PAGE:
The journey to the harbor town close to Malapascua took about 5 hours and looking out of the window I saw lush green jungle and little towns with kids who couldn’t stop waving when they saw me. The boat ride from the harbor town only took about 20 minutes and after settling down in a nice little guesthouse it was time to discover the island.
The sunset on Malapascua – Visit the Philippines
Malapascua and the local people
Malapascua itself is quite small and only 2,5 km long and 1 km wide. You can walk around it in about one hour (if you don’t snooze under a palm tree and watch the white sandy beaches and blue ocean). In the middle of the island is a small village. Most of the people live here. The people are amazingly friendly and when you walk trough the village they will all invite you into their houses and offer you food or a drink.
Useful tip: You will get invited to sing karaoke! If you visit the Philippines you’d better work on your karaoke skills!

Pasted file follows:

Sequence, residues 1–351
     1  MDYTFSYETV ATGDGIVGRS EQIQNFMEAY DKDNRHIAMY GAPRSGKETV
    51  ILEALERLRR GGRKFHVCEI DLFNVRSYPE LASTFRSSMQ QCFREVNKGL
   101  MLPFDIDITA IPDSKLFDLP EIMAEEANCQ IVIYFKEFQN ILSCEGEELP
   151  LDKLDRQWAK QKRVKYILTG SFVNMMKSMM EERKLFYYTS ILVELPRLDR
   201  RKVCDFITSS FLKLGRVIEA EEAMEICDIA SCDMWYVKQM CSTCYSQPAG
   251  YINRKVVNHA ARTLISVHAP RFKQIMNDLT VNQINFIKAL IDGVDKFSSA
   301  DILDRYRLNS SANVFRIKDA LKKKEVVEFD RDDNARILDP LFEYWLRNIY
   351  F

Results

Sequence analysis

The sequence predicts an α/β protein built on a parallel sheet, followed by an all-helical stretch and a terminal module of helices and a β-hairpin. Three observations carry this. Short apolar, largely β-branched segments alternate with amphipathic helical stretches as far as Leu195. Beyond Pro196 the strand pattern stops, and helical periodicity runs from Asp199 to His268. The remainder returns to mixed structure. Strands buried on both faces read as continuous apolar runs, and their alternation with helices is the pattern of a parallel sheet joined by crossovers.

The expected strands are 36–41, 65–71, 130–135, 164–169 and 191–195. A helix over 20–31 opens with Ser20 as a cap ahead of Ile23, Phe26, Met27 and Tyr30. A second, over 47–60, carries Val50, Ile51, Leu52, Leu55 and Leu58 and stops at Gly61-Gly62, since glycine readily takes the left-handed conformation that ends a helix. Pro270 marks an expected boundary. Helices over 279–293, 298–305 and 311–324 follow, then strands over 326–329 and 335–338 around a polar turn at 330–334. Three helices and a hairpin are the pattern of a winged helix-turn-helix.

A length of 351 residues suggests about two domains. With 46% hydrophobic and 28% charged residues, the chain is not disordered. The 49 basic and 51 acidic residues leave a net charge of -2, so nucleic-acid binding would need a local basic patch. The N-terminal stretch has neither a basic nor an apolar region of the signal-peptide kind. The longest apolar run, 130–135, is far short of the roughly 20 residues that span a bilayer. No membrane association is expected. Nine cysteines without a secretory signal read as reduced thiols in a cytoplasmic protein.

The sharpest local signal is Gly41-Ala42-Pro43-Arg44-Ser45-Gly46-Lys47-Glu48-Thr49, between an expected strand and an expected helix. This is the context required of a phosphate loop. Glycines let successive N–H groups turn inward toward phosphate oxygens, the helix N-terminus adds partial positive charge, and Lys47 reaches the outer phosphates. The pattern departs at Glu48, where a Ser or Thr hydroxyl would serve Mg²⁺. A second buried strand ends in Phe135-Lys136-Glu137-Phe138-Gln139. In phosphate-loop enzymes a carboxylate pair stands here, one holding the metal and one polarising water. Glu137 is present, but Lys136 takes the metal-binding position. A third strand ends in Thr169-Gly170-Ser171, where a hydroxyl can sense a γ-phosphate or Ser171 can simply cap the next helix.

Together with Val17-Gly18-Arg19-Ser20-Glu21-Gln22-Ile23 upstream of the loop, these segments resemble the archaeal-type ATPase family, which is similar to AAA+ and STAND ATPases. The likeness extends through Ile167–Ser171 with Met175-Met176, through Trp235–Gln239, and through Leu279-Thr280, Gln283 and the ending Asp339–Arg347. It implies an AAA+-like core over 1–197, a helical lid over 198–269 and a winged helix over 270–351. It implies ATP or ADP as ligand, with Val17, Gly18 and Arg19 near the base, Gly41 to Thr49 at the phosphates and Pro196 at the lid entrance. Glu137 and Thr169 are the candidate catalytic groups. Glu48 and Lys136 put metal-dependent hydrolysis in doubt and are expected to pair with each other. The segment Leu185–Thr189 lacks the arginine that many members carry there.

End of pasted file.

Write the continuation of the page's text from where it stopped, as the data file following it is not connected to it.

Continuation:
The kids on the island are really amazing and so friendly. They are very playful and are more than happy to show you how to collect sea cucumbers. I spend hours on the beach playing with the local kids.
For some useful tips about Malapascua you can readthis article on The Pinay Solo Backpacker!
Me & friendly local kids on the beach -Visit the Philippines
The Thresher sharks
Big sharks with a giant tail! Sounds scary, doesn’t it? The Thresher sharks were one of the main reasons of my visit to Malapascua and the Philippines!
Thresher sharks are known for their long tail. Their tail can be as long as their body size. The Thresher Shark can grow up to a length of 5 meters.
The dive site is calledMonad Shoal and it’s the only place in the world where you can see Thresher sharks before sunrise. The Shoal is a 1,5 km long rock stump on the edge of a 200 meter drop. The Shoal is used as a cleaning station for fish. On Malapascua I did two dives. The first one was a dive with very bad visibility so we didn’t see any Thresher Sharks. I was so disappointed! I had to try again.